When baseball writers came out in support of inducting Negro League players into the Hall of Fame, Kuhn supported recognizing the players in the Hall, but was unable to garner sufficient support from the Hall of Fame board of directors. As a compromise, Kuhn established a committee to select the greatest Negro Leaguers, to be honored with a display at the museum in Cooperstown.Satchel Paige was selected as the initial inductee for the Negro Leagues display.
The decision to honor the Negro Leaguers with a separate exhibit received significant criticism. Sportswriter Jim Murray of the Los Angeles Times wrote, "They segregated the Hall of Fame! ... To have kept Satchel Paige from playing in the white leagues for 24 years and then bar him from the pearly gates on the grounds he didn't play the required 10 years [in the major leagues] is a shocking bit of insolent cynicism, a disservice to America. What is this – 1840? Either let him in the front of the hall – or move the damn thing to Mississippi." Larry Doby, the first black player in the American League, commented, "With another wing ... whatever good they've done, they've torn it down."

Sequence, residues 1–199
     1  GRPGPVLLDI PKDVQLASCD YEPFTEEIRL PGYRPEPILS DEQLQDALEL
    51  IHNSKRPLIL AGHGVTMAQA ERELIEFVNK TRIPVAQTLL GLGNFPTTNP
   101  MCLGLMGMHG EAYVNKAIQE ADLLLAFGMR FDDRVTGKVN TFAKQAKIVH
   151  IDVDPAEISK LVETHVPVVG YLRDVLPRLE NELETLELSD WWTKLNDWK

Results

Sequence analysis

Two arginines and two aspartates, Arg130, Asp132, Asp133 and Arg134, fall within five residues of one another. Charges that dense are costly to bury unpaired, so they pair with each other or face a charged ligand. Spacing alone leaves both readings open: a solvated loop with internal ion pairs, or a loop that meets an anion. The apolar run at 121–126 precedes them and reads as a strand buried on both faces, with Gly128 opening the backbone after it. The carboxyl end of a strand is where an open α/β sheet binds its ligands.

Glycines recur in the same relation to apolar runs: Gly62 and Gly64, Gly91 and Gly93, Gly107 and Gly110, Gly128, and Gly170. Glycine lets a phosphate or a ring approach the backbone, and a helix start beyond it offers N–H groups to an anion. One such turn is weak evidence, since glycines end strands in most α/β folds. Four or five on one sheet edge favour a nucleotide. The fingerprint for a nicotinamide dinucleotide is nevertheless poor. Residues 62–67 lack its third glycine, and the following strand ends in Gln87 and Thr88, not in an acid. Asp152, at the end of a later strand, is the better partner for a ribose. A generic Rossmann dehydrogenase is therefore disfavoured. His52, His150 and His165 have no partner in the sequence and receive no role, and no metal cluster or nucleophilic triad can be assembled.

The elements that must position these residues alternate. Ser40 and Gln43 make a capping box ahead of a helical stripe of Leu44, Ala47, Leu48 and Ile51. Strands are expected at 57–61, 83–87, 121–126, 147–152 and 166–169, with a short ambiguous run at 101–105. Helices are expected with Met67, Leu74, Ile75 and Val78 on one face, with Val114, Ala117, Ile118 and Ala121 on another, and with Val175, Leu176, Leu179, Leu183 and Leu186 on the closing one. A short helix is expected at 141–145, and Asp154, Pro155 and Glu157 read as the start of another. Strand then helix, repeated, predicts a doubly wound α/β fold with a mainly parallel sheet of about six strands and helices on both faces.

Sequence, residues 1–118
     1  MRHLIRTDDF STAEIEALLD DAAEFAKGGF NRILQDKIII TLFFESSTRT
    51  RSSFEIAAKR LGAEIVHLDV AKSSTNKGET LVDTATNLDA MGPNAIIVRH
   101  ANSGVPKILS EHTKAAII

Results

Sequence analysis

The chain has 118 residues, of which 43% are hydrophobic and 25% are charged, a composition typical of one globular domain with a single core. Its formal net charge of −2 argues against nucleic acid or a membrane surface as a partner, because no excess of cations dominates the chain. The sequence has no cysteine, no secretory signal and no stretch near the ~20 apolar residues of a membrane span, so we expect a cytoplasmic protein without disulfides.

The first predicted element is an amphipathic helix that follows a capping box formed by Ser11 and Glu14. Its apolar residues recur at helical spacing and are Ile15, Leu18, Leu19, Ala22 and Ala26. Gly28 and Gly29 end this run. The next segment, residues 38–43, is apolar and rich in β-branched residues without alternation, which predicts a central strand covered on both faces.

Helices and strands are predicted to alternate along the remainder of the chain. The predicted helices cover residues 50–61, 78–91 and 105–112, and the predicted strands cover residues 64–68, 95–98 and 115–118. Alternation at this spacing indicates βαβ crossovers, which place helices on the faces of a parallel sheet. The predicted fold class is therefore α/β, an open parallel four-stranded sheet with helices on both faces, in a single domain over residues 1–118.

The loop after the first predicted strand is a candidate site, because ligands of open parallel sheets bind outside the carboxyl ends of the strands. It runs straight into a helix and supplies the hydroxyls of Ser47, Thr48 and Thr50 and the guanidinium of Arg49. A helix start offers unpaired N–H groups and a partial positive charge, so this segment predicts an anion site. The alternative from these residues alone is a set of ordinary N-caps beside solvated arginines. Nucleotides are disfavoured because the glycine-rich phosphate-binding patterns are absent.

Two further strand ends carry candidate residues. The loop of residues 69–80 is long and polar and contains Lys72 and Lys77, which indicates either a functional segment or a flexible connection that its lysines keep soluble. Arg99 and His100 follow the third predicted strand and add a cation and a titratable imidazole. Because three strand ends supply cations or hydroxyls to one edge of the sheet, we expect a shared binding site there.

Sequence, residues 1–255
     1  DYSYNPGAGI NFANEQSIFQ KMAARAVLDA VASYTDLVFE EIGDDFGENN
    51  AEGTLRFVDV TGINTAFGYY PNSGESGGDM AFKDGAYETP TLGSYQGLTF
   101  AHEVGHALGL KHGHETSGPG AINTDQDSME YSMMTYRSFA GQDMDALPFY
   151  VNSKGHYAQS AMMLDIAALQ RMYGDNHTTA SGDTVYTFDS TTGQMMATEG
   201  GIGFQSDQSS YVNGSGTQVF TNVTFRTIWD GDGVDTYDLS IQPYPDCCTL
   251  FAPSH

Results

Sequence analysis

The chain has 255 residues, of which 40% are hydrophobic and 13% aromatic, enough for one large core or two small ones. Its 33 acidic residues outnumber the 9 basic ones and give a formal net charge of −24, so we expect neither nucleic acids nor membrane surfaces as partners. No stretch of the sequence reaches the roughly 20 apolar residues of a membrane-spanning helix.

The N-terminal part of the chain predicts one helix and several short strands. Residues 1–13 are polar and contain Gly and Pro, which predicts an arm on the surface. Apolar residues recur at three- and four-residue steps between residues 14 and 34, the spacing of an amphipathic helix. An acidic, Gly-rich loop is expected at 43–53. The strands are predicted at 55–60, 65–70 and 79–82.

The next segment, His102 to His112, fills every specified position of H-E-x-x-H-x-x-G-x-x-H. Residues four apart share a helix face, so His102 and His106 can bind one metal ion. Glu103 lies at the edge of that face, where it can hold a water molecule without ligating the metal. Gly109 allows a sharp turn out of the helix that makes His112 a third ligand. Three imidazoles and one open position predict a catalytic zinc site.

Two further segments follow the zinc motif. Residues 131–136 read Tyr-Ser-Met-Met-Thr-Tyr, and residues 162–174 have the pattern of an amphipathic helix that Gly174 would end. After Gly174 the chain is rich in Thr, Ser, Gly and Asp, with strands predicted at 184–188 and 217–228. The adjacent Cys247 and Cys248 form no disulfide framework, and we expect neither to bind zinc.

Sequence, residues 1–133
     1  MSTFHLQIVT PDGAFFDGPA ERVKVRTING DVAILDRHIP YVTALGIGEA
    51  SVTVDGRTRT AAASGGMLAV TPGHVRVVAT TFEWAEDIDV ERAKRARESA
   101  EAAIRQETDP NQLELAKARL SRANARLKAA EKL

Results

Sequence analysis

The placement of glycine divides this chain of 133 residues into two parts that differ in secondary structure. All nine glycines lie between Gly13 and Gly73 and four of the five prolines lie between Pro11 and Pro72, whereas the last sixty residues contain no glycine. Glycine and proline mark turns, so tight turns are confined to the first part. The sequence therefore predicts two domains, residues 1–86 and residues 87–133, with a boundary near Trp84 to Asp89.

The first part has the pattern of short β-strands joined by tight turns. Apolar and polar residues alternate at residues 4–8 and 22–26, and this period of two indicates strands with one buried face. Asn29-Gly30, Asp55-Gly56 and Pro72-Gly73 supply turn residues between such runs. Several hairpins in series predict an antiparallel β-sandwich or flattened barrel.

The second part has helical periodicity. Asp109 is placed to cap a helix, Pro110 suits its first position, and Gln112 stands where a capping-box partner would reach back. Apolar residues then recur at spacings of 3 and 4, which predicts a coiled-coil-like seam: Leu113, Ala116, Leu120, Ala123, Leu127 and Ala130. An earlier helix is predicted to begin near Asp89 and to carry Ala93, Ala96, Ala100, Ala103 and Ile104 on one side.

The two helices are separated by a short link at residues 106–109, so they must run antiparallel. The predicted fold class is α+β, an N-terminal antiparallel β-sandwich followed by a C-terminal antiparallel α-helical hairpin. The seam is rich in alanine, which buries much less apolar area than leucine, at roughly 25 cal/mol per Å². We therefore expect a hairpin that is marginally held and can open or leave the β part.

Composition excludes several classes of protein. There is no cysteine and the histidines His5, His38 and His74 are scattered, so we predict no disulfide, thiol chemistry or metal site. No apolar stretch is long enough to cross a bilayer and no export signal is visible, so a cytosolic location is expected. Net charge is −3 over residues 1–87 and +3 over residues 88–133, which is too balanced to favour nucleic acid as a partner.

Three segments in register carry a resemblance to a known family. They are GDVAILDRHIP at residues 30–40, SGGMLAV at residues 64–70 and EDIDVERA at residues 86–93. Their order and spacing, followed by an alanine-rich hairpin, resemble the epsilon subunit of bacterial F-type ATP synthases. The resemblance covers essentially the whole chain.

Kuhn, in his autobiography, claimed that he "knew that the furor would be heard by the board of directors and that the public outcry would be hard to resist. That is exactly what happened."Within a few months, the Hall of Fame board of directors changed its mind and agreed to give Paige, and future honorees of the Negro Leagues selection committee, full membership in the Hall.
Bill James, in his book The Politics of Glory: How Baseball's Hall of Fame Really Works , wrote that Kuhn seemed "very proud of how he handled the affair, doing an end run around the Hall of Fame board of directors by exposing the Hall – and himself – to public criticism. Perhaps this does reflect some personal courage, and he was able to see that the right thing was done. But the Hall of Fame was also damaged. ... The message that got through to the public, loosely translated, was that the Hall of Fame was a racist institution. ... Bowie Kuhn would have been a better friend to the Hall of Fame if he had led them to come to terms with their institutional racism in private, rather than leading them to expose it to the public."